As asbestos in schools hits the headlines yet again (does it ever really go away?), I was reminded of a blog piece I wrote 5 years ago and how relevant it is still today.
I am still shocked by the lack of asbestos management in schools and universities, particularly surrounding the management of maintenance and repairs works and the provision of information between the client, the contractors and the project teams in capital projects. Only last year there was a prosecution resulting in £1.5million in fines based solely on the lack of sufficient dissemination of information regarding asbestos containing materials during a school refurbishment project.
I work closely with schools, universities, PFI contractors, principal contractors and developers to close this information gap, solving the compliance issues and providing project certainty to ensure all parties are protected. www.procomplianceuk.com
Blog from February 2013 –
Yesterday, 26th February 2013, the GMB union who represent school support staff welcomed the call for evidence by the House of Commons Education Select Committee on the issues around asbestos in Schools. Robin Nower, Owner of ProCompliance the Asbestos Risk Management and Compliance experts, discusses the issues surrounding the management of asbestos in schools in the UK.
The issues of asbestos in schools in not a new one and recent column inches in the press have heightened the focus and concerns. It is entirely understandable that as a society we are concerned about the presence of asbestos in our schools, nothing being more emotive than the health and wellbeing of our children.
It is also not surprising that unions are additionally concerned with the health and wellbeing of their members with recent cases being heard on the apparent effects of low concentration long duration exposure to asbestos being contributory to asbestos related disease.
As is often the case the figures quoted are ‘scary’ in stating that 75% of schools contain asbestos with ‘much’ of it in a dangerous condition which is an, as yet, unquantifiable figure. However the focus should really be the apparent specific exclusion of asbestos from the DfE audit on school condition and the concerns that there is no identification of dutyholder responsibilities with concerns that asbestos information will be lost.
In all of the statutory instrument revisions that have dealt specifically with asbestos from the Control of Asbestos at Work Regulations 2002 through to the Control of Asbestos Regulations 2012 there has been a specific ‘duty to manage asbestos in non-domestic premises’ under Regulation 4. This has required there to be a dutyholder defined by –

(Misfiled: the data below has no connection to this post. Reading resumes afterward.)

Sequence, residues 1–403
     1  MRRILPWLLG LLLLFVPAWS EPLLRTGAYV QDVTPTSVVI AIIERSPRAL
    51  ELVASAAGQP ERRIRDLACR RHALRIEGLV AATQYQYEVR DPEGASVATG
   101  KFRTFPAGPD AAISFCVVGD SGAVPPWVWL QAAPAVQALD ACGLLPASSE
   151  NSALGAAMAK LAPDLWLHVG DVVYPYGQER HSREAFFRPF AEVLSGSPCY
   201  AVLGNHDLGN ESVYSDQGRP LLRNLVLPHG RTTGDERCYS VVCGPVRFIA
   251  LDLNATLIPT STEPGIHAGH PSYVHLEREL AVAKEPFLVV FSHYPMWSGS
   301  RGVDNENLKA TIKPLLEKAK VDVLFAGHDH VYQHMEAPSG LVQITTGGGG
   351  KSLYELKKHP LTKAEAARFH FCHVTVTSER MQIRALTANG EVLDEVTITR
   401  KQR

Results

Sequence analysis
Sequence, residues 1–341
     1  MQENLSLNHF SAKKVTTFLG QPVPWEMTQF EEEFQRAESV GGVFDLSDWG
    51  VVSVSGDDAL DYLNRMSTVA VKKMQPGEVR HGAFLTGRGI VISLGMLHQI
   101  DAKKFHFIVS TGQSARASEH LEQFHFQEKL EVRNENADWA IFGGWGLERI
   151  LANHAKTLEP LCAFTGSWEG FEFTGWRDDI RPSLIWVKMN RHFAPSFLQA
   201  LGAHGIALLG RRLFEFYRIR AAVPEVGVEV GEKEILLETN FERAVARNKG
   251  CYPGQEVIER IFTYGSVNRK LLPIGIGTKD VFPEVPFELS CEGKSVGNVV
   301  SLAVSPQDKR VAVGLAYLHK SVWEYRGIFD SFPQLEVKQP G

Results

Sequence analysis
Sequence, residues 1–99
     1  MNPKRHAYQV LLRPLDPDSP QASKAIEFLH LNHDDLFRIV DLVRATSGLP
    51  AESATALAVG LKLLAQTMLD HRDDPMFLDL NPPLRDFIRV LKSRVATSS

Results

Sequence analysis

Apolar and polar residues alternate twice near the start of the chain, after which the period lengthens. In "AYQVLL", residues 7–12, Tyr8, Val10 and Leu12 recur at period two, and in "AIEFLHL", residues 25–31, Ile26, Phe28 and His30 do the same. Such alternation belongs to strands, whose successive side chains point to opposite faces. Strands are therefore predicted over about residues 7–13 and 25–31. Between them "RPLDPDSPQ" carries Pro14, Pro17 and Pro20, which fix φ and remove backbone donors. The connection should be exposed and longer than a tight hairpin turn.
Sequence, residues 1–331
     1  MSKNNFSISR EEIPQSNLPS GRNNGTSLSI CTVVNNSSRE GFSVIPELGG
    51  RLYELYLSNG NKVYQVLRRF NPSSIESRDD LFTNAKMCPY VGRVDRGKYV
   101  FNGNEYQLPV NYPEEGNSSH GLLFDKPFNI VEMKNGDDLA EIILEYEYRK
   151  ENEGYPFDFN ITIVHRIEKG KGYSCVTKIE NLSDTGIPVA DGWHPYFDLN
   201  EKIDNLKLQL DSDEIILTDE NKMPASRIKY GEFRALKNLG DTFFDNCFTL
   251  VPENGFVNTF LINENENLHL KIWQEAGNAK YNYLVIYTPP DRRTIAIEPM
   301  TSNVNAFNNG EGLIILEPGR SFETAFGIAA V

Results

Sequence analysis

(1) In this regulation “the dutyholder” means –
(a) every person who has, by virtue of a contract or tenancy, an obligation of any extent in relation to the maintenance or repair of non-domestic premises or any means of access thereto or egress therefrom; or
(b) in relation to any part of non-domestic premises where there is no such contract or tenancy, every person who has, to any extent, control of that part of those non-domestic premises or any means of access thereto or egress therefrom,
The use of ‘every person’ in the text clearly shows that this duty can be shared and schools are the perfect example of where this is often the case in that both the Local Authority and the School themselves having an obligation in relation to maintenance and repair in the buildings.
Shared dutyholder responsibilities very often get blurred and the result of this can be neither party completely executing their duties, or worse, being in conflict over who has the duties.
As more schools become academies or free schools and move away from the Local Authority their governors rapidly become responsible for the management of asbestos in the school and will find that they have no competence in the school to assume the dutyholder responsibilities.
The management of asbestos is so much more than just the identification of asbestos containing materials (surveying). It is the management of maintenance and repairs work, the communication of risk, the management of registers, the co-ordination of tasks, the creation and implementation of procedures and processes through a mandatory Asbestos Management Plan and so much more.
The competence to manage these responsibilities will rarely be found within the school and independent, impartial and practical competent asbestos risk management support asbestos risk management support will need to be sought.
ProCompliance provide complete asbestos risk management and compliance support, ensuring that clients have complete piece of mind.